Report: DeMarcus Cousins Rejected Pelicans' 2-Year, $40 Million Contract Offer

Joseph Zucker@@JosephZuckerFeatured ColumnistJuly 3, 2018

NEW ORLEANS, LA - JANUARY 20:  DeMarcus Cousins #0 of the New Orleans Pelicans reacts to a call during the first half of a NBA game against the Memphis Grizzlies at the Smoothie King Center on January 20, 2018 in New Orleans, Louisiana. NOTE TO USER: User expressly acknowledges and agrees that, by downloading and or using this photograph, User is consenting to the terms and conditions of the Getty Images License Agreement.  (Photo by Sean Gardner/Getty Images)
Sean Gardner/Getty Images

Four-time All-Star DeMarcus Cousins apparently left a lot of money on the table before agreeing to a one-year contract with the Golden State Warriors.

The New York Times' Marc Stein reported Cousins turned down a two-year, $40 million deal from the New Orleans Pelicans. The offer came during the 2017-18 season after Cousins suffered a torn Achilles.

According to ESPN's Adrian Wojnarowski, Cousins will sign a one-year, $5.3 million contract with the reigning NBA champions.

Cousins told The Undefeated's Marc J. Spears he didn't receive any "significant contract offers" before deciding on a move to Golden State.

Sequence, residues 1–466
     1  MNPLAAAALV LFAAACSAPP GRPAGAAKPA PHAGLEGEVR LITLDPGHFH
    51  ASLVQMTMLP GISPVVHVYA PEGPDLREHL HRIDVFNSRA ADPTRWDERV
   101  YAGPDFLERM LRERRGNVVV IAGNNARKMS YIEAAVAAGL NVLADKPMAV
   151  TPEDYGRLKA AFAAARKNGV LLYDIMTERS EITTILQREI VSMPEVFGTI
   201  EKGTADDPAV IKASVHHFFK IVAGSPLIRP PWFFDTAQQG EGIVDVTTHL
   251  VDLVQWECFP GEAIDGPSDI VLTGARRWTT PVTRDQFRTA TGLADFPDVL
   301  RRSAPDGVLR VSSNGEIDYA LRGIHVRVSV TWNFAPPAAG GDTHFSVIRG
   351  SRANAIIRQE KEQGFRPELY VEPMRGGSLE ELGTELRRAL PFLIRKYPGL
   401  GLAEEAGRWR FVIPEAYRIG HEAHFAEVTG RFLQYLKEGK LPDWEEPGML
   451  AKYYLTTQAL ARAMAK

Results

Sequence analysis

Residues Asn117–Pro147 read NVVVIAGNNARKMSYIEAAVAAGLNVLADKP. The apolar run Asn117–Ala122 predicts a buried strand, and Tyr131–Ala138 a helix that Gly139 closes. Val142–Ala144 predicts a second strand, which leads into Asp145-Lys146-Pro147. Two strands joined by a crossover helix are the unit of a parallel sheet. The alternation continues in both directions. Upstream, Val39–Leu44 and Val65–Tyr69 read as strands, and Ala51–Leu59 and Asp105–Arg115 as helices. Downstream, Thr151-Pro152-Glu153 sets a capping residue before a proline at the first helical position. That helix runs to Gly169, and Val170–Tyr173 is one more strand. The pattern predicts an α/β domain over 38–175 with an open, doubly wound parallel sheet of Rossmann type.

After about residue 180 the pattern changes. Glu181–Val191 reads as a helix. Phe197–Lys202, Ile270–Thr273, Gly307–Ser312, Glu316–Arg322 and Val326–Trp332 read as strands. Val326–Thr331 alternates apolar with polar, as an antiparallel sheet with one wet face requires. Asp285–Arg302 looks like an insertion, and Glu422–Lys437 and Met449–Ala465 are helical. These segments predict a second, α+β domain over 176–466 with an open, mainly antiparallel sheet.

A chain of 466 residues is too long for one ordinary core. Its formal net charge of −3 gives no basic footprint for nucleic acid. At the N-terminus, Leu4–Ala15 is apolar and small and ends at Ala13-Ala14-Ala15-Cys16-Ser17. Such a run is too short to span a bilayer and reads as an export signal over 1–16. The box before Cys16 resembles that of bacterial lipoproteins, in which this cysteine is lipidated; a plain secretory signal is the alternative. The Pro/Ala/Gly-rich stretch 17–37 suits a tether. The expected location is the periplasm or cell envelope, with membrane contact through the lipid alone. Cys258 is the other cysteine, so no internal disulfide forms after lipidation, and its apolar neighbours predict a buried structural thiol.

When he declined New Orleans' two-year deal, Cousins likely felt confident he can play his way into an even bigger contract this time next summer, and he might be able to do just that with the Warriors.

Helping Golden State win a third straight NBA title and avoiding any drama would go some way toward allaying any fears about Cousins' attitude, which was a problem particularly during his time with the Sacramento Kings.

The Warriors should be the perfect team on which the Kentucky product can showcase his abilities as well. The team doesn't need to rush him back from the Achilles injury, and when he does return, he'll be surrounded by multiple All-Stars on the floor.

That's all assuming Cousins, who turns 28 in August, can still be the player who's averaging 21.5 points, 11.0 rebounds and 3.2 assists over his career. The record of players coming off a major Achilles injury is less than encouraging.

If that happens, the Alabama native may have to settle for another one-year deal to prove himself before another team feels comfortable throwing big money his way.